“Play me loud!” should have been painted across the cover of Black Sabbath, the eponymous first album by the band that achieved near-universal credit for introducing “heavy metal” music to the world. It was released in the U.K. on February 13, 1970 – a Friday, no less! – and three months later in the U.S. (Check out the Black Sabbath/Ozzy Osbourne playlist in Dr. Rock’s Playlist Vault).
The monotonous rhythm of Ozzy and his bandmates’ macabre sound was best heard on a Victrola when played louder than anything our parents would approve of – louder than even the poppy, hand-holding Beatles’ songs from just a short six years earlier. Murky, dripping with occult imagery and morbid lyrics, Black Sabbath came with three individual tracks and two lengthy multi-song pieces oozing dark satanic themes and droning rhythms. “Kids, where are you?” was the question. “We’re in there, Mommy” the response.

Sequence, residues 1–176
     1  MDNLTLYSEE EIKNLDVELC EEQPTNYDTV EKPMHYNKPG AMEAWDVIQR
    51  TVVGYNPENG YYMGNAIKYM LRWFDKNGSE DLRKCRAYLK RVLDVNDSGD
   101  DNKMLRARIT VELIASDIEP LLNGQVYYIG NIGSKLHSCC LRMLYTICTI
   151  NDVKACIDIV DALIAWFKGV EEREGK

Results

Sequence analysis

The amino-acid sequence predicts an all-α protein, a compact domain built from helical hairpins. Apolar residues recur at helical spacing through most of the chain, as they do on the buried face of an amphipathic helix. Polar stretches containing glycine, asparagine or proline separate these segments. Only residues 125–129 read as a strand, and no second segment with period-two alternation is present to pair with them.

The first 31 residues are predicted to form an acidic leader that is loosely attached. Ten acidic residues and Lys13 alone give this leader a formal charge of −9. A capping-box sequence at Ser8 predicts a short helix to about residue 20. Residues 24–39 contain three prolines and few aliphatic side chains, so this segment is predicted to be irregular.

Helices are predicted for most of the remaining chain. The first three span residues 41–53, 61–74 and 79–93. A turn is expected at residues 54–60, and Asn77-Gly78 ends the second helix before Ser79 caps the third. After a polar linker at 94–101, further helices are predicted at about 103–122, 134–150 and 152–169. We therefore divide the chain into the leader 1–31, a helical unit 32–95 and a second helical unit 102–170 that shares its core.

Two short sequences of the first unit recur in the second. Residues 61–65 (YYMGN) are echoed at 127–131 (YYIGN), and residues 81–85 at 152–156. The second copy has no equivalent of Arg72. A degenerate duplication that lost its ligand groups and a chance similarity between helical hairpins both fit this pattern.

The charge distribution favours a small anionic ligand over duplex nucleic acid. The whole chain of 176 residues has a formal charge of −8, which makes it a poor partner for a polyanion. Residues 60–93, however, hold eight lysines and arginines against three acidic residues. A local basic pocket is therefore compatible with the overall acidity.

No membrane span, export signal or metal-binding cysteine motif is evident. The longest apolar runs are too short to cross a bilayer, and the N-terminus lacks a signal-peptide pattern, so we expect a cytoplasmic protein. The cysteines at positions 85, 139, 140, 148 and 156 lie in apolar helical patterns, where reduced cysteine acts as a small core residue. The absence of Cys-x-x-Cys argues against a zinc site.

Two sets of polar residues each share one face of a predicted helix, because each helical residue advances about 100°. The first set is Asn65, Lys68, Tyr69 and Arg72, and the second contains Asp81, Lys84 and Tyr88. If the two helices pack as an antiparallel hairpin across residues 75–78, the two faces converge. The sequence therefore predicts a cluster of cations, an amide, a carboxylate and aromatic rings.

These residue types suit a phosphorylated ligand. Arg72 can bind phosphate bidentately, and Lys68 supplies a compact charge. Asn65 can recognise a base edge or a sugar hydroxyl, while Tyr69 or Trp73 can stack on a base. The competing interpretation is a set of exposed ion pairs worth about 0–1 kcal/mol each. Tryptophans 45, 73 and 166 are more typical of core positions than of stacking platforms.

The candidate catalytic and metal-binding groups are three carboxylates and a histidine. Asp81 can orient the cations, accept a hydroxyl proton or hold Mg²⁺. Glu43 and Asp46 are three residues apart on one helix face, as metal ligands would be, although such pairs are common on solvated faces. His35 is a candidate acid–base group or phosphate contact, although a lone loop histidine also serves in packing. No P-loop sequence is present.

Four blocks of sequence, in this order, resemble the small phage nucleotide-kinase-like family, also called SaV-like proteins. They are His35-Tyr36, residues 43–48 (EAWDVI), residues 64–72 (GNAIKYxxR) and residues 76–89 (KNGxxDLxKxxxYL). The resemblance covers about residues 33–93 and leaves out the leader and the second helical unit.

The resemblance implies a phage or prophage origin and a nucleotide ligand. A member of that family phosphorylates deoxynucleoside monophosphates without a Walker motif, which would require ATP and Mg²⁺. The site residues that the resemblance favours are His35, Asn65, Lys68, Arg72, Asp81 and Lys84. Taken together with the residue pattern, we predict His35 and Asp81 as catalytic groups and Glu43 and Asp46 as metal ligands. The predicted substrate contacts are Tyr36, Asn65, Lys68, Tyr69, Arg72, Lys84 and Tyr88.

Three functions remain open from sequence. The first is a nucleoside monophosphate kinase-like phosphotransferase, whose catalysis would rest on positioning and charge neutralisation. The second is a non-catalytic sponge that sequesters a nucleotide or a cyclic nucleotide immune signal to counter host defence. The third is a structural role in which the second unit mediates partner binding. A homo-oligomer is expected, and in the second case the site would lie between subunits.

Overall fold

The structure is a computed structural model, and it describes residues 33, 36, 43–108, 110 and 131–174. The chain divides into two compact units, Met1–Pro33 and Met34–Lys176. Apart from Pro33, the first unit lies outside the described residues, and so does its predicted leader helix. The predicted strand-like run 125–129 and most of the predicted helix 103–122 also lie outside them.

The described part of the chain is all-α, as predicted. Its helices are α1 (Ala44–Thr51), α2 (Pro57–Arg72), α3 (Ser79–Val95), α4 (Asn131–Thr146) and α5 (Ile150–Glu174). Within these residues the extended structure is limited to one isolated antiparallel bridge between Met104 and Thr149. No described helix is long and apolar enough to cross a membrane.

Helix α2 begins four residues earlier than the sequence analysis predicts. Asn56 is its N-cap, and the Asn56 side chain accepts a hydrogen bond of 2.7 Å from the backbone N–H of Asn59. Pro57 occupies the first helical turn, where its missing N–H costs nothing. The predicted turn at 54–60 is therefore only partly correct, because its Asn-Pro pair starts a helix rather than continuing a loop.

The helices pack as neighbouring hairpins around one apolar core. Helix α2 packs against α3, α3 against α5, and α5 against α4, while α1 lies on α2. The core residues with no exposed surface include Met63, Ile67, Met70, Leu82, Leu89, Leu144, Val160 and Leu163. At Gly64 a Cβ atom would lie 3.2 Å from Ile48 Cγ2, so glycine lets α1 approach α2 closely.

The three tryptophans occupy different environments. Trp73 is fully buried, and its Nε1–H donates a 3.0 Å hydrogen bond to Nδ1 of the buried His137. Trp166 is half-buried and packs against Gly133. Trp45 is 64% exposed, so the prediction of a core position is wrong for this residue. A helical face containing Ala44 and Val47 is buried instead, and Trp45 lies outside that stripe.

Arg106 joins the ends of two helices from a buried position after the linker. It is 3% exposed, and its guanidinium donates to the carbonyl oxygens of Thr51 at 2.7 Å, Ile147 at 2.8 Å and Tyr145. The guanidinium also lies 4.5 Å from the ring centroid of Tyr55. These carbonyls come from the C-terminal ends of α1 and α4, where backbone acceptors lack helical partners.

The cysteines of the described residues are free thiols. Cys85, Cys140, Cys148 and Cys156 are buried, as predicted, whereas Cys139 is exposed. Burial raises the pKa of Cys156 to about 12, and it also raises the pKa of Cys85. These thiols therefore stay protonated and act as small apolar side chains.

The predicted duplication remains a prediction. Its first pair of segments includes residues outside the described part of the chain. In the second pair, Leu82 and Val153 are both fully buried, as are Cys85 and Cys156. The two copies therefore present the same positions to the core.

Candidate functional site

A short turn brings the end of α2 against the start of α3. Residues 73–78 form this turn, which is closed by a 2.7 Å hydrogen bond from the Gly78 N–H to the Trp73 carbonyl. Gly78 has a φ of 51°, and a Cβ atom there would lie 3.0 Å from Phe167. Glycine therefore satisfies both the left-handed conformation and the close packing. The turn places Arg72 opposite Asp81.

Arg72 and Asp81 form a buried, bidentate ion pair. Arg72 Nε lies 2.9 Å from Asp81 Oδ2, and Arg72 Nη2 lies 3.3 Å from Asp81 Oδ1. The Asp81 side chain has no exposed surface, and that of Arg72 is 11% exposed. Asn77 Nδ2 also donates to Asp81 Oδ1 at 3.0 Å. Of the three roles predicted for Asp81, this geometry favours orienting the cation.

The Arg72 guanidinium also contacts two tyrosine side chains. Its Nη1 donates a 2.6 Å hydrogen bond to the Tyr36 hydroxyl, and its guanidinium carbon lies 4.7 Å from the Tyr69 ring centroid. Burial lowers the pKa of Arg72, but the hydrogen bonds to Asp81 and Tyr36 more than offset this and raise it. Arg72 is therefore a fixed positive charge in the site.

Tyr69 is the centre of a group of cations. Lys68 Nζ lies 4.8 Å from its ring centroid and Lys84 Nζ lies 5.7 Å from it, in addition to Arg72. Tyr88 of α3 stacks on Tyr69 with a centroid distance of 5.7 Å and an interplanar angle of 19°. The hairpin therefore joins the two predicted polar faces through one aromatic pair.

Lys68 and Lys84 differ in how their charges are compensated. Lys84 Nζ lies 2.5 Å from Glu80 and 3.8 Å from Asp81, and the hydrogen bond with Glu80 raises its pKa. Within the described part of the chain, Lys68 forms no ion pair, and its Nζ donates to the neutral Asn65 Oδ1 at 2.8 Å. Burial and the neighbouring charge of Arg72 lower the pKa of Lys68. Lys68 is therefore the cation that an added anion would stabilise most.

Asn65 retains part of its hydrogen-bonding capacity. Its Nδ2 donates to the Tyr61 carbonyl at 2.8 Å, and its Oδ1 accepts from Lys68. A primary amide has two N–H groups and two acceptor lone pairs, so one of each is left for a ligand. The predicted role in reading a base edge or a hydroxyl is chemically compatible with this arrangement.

Dankly dungeonous, Black Sabbath had an auspicious debut for over a year on the US charts, peaking at #23 and selling a deadly million copies. Rolling Stone magazine ranked the album #241 on its list of the Top 500 albums of all-time.
Black Sabbath is available on CD, LP or mp3 at Amazon. Unfortunately for metal-Podders, it’s not on iTunes. (Incidentally, Black Sabbath is one of only a handful of rock and pop albums where the band name, the album name and the title track are all the same. Can you name any others?)